Agency Transition Survival Guide – A Blessing

By HeretyczkaA

In the Transition
By HeretyczkaA

I’ve had the unique fortune to experience large agency transitions on both sides- the agency and the client. Also years ago in a former professional life I saw a large manufacturing partner go under. What I experienced followed a pattern and theme.

Transitions are blessings and your reputation is everything. This follows Law #5 of Robert Greene’s The 48 Laws of Power. Guard your reputation with your life.

When you’re working in your affairs pay attention to the slightest comment or foreshadowing about imminent transitions to be less caught off guard. If your ear is to the ground and your heart in tune there should be no surprise and shock. Either it’s Darwinian or our Economic Society, maybe a little of both, but if you have a job and are working you need to realize you’re never entitled to that job and economic forces and bottom lines run the show. This applies if you are in a two person company or a multinational publicly traded entity. As stated in my post Lone Wolf, Family Owned Business, or Corporate Jock to quote The Godfather, “It’s nothing personal, it’s business.” Often people become indignant about the security of the employees and how could these people in high places make “such rash” decisions. Ironically as one moves up in higher places the stakes, tensions and affect on reputations become higher. It’s best to realize transitions are done for a reason and you likely don’t know, or will ever know the reasons. Move on. Waste no energy, especially emotional energy of what you have no control.

When I was at one company and it was announced our business was up for review I received the best piece of business advice very casually and slowly with an eye glance. You need to become ready to make the next move and realize you’ll likely come out better if you’ve been a good employee. Hard working and intelligent people are hard to find. If you’ve stood out transition will likely earn you a higher salary or an elevated title. I’ve seen it happen many times.

But there is shock. And what follows is a pattern I’ve seen.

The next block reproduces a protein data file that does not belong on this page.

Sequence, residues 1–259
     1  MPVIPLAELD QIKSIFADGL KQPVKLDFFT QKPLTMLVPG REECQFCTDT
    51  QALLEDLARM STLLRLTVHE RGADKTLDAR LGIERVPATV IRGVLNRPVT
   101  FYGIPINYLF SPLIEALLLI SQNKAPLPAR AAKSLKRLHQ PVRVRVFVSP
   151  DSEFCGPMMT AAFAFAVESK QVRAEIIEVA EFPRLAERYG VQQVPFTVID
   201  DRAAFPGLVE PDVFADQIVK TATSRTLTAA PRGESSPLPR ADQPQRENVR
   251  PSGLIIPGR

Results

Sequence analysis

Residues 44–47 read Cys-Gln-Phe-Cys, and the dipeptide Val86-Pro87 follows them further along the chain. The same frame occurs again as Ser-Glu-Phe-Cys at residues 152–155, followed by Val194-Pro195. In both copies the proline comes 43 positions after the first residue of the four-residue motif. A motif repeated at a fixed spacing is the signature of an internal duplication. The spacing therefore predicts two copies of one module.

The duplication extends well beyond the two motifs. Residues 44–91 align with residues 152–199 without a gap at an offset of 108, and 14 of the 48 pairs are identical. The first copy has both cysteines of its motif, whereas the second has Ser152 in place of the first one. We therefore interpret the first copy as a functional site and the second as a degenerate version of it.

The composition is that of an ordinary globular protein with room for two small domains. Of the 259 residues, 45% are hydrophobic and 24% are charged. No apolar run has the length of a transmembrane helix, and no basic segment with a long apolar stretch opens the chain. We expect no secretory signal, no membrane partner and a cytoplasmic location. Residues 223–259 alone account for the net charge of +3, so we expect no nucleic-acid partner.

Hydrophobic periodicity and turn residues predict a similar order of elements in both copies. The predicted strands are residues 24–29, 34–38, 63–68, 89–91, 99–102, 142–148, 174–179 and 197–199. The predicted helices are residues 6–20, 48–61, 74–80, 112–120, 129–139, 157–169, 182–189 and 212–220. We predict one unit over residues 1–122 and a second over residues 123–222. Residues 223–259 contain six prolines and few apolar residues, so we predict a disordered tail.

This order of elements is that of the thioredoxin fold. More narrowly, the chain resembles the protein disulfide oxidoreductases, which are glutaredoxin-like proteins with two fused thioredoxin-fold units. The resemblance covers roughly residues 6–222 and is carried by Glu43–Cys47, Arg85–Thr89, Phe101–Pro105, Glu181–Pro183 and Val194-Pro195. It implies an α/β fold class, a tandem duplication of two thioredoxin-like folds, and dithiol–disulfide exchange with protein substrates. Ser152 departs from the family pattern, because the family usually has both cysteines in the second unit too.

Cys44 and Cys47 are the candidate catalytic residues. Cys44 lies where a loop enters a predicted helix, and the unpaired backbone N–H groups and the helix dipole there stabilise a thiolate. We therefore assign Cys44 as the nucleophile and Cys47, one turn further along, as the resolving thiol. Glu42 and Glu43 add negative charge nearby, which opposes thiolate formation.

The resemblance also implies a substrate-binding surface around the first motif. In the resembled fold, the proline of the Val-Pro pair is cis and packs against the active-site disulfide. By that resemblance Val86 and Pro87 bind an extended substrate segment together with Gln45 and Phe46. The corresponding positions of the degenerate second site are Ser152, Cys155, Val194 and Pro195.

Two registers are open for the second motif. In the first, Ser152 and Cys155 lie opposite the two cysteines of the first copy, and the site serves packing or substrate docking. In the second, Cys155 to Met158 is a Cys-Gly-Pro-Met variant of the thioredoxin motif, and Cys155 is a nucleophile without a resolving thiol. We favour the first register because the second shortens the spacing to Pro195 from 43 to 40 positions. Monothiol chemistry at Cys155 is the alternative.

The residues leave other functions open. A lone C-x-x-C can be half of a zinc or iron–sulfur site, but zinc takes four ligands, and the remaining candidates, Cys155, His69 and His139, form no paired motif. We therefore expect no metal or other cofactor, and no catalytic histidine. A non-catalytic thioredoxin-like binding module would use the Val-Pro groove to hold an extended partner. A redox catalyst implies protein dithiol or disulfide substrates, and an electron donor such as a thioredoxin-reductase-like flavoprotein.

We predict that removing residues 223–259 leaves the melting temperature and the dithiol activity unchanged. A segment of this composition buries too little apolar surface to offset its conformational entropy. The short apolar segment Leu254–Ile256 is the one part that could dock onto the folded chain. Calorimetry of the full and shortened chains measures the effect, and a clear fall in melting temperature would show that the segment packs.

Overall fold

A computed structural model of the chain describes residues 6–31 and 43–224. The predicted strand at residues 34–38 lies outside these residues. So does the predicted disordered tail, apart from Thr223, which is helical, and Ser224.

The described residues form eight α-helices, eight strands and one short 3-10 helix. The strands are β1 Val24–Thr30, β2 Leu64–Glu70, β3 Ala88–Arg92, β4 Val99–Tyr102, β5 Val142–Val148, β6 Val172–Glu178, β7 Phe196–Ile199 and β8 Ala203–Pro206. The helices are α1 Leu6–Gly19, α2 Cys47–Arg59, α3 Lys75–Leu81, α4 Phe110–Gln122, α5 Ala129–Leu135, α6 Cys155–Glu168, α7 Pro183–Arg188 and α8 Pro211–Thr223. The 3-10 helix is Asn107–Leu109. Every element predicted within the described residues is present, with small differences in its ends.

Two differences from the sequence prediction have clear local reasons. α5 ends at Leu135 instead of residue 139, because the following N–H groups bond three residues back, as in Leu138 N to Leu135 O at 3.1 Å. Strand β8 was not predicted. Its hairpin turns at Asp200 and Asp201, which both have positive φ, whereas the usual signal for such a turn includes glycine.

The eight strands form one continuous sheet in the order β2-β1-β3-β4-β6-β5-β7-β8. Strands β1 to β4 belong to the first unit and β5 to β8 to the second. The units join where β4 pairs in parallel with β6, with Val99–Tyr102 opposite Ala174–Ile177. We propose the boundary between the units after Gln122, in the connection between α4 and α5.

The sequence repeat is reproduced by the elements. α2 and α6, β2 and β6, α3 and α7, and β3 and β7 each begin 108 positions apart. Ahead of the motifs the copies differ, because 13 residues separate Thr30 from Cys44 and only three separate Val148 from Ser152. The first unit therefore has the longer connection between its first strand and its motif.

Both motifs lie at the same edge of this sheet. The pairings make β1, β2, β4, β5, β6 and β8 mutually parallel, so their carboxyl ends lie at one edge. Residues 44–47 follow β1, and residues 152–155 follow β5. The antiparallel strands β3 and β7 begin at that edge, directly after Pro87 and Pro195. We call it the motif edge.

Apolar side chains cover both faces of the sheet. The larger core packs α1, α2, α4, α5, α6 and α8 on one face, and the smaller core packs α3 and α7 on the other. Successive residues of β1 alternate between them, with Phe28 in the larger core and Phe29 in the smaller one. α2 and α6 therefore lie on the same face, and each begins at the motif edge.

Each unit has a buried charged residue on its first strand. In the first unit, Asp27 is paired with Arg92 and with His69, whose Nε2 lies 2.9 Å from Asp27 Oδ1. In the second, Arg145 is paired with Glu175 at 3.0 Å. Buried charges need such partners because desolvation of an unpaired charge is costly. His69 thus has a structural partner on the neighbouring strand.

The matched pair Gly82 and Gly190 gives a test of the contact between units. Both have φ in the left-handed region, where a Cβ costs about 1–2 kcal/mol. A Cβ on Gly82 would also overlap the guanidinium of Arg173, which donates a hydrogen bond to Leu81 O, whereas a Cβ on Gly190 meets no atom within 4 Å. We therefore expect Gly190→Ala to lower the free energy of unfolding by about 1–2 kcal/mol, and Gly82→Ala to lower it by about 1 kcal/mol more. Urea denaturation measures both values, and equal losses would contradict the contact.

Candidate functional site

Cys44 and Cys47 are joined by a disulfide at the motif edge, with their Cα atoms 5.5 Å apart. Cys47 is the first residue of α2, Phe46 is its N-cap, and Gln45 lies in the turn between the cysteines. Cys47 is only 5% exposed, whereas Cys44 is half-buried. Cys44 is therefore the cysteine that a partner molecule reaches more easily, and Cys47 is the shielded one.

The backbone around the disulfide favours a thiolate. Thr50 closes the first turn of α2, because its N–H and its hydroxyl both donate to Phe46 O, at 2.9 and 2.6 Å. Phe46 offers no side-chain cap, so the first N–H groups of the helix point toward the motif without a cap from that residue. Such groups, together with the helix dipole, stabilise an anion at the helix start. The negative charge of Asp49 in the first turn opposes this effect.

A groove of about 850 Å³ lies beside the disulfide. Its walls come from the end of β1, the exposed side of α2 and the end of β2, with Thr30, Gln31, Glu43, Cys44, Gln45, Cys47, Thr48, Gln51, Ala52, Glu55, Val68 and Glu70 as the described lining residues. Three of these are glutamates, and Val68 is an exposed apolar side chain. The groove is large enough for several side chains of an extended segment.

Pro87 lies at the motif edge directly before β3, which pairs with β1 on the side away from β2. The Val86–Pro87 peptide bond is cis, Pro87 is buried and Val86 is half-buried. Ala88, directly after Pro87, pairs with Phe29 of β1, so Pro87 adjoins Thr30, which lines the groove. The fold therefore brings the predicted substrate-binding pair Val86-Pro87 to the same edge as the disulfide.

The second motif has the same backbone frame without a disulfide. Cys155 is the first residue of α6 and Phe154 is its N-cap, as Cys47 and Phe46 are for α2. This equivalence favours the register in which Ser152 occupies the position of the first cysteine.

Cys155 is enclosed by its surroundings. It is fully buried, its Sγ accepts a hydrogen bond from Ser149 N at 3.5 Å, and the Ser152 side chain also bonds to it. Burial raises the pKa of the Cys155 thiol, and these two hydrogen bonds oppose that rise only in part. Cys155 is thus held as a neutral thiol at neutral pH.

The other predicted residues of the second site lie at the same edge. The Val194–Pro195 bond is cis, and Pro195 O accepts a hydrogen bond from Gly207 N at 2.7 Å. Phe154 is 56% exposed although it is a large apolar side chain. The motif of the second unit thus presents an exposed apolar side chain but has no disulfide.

This is where grace comes in. A lot of people cry. Some get very angry. Fists pound. There is also desperation. There is also grace.

Some leaders say and do desperate things, like looking for money and investors when their business has crumbled. Even worse some people start shredding documents either to destroy “evidence” or screw the upcoming company.

Other leaders look out for their employees and make sure they can find new employment, write recommendations, and ensure they have the time and resources to find a new job.

When you find yourself in this collective shock it is best to go inward and stay quiet. Don’t add to the drama. Be very careful of what and who you talk to. Guard your reputation. Shock is also the time when people drink… a lot. These are the times when you see ridiculous bar tabs. As I just said, again guard your reputation and you be the judge on whether this is a good time to drink.

Continue to do your job with more attention on delivering than before. This is where heroes are made. In my experience with the manufacturing company going out of business there were unscrupulous desperate people doing dumb things while one guy did his best to service my company and deliver top quality product. I’ll never forget that. He proved himself to be an extremely classy guy.


After a few days the humor sets in and there’s really a comrarderie of gallows type humor. People skateboard and play football in the hallway.


The sooner you get to this stage the better. It should be where your head’s at as soon as transition is announced. This is the focus to find a job. You’ll see some still in shock, still drinking, still laughing about the situation but you’ll see these are often the ones who move laterally or just continue their samsara of emotional stress.

You’re better off to get on with your search and examination of options as soon as possible. Realize everyone knows what’s going on and it is ok to go on a job interview or take a discreet phone call. Again, be quiet. Don’t be a jerk or blow your options by putting your options in people’s faces. Once with my entire office I heard a co-worker take a full phone interview in front of everyone in cubicle world. They lost a ton of respect.

When these things happen you have no idea who is going to be working for whom or selling to whom. It is entirely possible your next job you will be working for your subordinate or be selling a service to them. Be careful.

It can be a scary time. It was a rough day when I had to go home and tell my wife my company lost the business. But in the end I came out better as I’ve seen so many. There is an exhiliration and excitement for living on the edge as summed up in this tweet. –

And finally, once the transition is over and you’re in your new job wherever that may be… Company A will be a distant memory within a few weeks.

Everything written here are the views of Tim Aten and Tim Aten only. They have no relation, nor are they the views of any of my employers past or present.


  1. Dig the melding of spiritual practice and workplace dynamics- wise post

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